The two is palpable as a shift in temporal

The Great Gatsby by
F. Scott Fitzgerald is filled with many characters who live hopeless and lonely
lives despite an extravagant and luxurious lifestyle. Accordingly, it has
become a topic of interest in today’s culture. For this, I look at Baz
Luhrmann’s film. In this essay, I will be explicating the differences between
the book and the movie.

 

            We
see many differences between the movie and the book. Firstly, the book and
movie differs during the institution scene, depicting it in two unique ways.
The movie begins with the narrator, Nick Carraway, getting help from a doctor
in an institution for various problems such as being an alcoholic and victim of
depression. On the other hand, in the novel, Nick is simply telling the story
from the future, not from an institution. The effect created between the two is
palpable as a shift in temporal view is noticeable in evoking emotion.

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Secondly, Jordan
Baker’s character is not as developed in the movie as it is in the novel. In
the movie, it is learned that Jordan is an athlete and this is not found out
until later in the book. In the novel, Jordan was accused of cheating in gold
and has a fiancé. In the movie, none of this was shown. Also, the relationship
between Nick and Jordan is absent from the movie but not from the book. Further,
we learn Jordan Baker is an athlete nearly immediately. Though this, in itself,
doesn’t mean much, her entire storyline and narrative is sped up and her
unlikely romance with Nick is cut out for the sake of time. In the book, the
two only ever seem to have a casual affection for one another, especially as Jordan
is shown to be dishonest; however, in the film, she’s a blank canvas that is
never particularly illustrated upon. These two points serve to create to
contrasting effects towards the book; we find Jordan more mysterious and
likeable as to how in-amicable her novel character really is.

 

Thirdly, much like
Jordan as a tepid version to her novel mode, Daisy lacks a particular spark,
the underlying pettiness that propels her character forward in the book.
Instead of offering a voice ringing like money, she offers a weak will and a
damsel-in-distress persona that doesn’t suit the character, or even the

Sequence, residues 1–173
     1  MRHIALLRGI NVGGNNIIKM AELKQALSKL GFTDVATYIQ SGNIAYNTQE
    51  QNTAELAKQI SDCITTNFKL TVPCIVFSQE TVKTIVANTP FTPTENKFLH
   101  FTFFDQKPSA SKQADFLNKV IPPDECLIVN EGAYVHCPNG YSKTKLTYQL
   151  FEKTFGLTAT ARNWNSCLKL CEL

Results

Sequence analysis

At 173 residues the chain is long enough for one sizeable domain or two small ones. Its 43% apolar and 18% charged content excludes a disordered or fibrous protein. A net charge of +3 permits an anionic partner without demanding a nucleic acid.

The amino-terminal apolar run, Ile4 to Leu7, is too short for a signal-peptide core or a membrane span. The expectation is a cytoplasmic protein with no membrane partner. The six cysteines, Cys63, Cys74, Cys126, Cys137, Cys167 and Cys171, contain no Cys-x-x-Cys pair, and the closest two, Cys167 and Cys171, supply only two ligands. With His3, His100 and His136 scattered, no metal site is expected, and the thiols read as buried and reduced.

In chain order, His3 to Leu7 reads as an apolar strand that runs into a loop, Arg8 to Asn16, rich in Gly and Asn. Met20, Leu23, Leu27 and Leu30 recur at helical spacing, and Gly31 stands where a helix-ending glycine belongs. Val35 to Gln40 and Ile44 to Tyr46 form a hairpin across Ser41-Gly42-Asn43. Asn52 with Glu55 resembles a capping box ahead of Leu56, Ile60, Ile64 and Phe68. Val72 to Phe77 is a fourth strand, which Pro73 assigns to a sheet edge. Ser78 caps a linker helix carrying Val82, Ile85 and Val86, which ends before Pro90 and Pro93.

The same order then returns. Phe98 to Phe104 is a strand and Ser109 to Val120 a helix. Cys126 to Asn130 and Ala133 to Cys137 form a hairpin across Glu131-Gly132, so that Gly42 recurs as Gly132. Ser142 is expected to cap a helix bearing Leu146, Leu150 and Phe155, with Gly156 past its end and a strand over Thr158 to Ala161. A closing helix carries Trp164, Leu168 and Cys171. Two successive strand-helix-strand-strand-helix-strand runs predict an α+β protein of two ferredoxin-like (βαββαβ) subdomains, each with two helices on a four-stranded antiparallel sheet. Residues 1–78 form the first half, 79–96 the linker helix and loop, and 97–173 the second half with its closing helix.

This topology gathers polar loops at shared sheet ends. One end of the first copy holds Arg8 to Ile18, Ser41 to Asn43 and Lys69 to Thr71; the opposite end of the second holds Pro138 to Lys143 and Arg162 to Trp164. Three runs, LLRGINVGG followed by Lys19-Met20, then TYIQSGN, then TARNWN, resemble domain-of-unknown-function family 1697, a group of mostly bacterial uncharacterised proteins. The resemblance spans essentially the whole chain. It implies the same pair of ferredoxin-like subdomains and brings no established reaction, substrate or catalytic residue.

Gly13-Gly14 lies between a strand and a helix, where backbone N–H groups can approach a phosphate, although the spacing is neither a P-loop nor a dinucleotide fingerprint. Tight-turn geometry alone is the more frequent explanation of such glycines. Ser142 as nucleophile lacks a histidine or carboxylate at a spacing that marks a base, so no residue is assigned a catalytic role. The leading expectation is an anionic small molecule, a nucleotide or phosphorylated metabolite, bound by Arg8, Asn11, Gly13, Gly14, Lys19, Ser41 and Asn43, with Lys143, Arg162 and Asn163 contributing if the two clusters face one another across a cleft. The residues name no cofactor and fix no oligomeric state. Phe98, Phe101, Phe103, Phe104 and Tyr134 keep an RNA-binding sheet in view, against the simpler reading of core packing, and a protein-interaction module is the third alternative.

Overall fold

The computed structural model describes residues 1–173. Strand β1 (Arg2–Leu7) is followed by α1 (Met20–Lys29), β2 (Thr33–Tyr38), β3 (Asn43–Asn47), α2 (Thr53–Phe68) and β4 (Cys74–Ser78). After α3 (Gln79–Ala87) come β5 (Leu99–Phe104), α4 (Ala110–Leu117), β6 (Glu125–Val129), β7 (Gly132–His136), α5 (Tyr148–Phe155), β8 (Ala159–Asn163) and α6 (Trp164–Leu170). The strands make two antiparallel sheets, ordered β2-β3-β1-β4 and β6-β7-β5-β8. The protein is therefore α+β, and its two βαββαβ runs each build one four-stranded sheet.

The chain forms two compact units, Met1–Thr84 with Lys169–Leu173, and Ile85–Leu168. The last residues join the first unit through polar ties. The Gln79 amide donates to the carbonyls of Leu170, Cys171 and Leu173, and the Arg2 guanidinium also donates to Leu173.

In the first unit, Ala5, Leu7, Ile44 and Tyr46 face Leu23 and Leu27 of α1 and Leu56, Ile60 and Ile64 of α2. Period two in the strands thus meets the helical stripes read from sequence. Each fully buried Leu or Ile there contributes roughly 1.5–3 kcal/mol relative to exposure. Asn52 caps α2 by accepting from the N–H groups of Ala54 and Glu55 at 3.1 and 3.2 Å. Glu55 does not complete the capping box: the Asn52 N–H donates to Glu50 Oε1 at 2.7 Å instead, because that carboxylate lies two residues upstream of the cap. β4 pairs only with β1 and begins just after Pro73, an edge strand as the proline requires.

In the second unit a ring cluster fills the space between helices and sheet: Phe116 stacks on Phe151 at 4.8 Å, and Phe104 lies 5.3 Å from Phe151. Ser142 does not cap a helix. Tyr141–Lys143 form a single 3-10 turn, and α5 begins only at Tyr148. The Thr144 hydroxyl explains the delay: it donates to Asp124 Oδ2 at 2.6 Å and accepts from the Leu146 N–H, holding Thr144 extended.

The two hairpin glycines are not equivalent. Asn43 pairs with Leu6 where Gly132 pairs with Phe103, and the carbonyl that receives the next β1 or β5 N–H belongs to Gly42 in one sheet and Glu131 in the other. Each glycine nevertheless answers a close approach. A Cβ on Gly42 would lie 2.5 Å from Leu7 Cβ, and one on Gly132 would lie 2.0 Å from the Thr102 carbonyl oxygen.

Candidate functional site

actress, Carey Mulligan, either. In the book, she’s careless, In the movie,
she’s more often thoughtless. This nuanced effect has a gradual and systemic effect
onto the movie as Daisy seems less and less intuitive and logical (in a
hedonistic view).

 

We get an early hint
that Gatsby is wistful an waiting for someone before Carraway even goes to New
York and gets massively intoxicated. He sees the neighbour out on the dock late
in the evening, staring out across the harbour. It’s easy for audience members
who have read the book to decipher what he is thinking, but the small moment
certainly gives fans an extra foreshadowing of the big reveal in the book.  While Fitzgerald’s book always feels very
much like a product of a particular period in time, Luhrmann’s work always
seems like one grand extended costume party, irrevocably modern and full of rap
music. He pairs this with quiet moments between our main characters that evoke
emotions and results in a stylistic film that manages to feel like Fitzgerald’s
book and nothing like it at all.

 

When Nick attends
Luncheon with Gatsby and Mr. Wolfsheim, Luhrmann takes us through a secret door
in a barbershop and into a speakeasy full of dancing women and corrupt men. To
prove a point about corruption, Luhrmann even places the police commissioner on
the premise. The effect is heavy and exaggerated but is a metaphor for media’s
compulsion to hyperbole. In any iteration of The Great Gatsby, it offers
up commentary on a variety of themes such as justice, power, greed, betrayal,
the (dissolution of) American dream, and so on. Of all the themes, none is more
well-developed than that of social stratification. The Great Gatsby is regarded
as a brilliant piece of social commentary, offering a vivid peek into American
life in the 1920s. Fitzgerald carefully sets up his novel into distinct groups
but, in the end, each group has its own problems to contend with, leaving a
powerful remind of what a precarious place the world really is.

 

By creating social
classes, stratifying it into 3 distinct circles: old money, new money, and no
money, Fitzgerald sends strong messages about the elitism running throughout
every stratum of society. As contemporary culture strives towards a more
feministic outlook, one with independence and agency in the female, we see
Jordan and Daisy adopt these into themselves. Further, we see the male’s roles
and design as one with silence and mystery as opposed to older designs. Through
both works, we see many valuable lessons and daily struggles as each
reproduction attends to each theme in its own unique ways.

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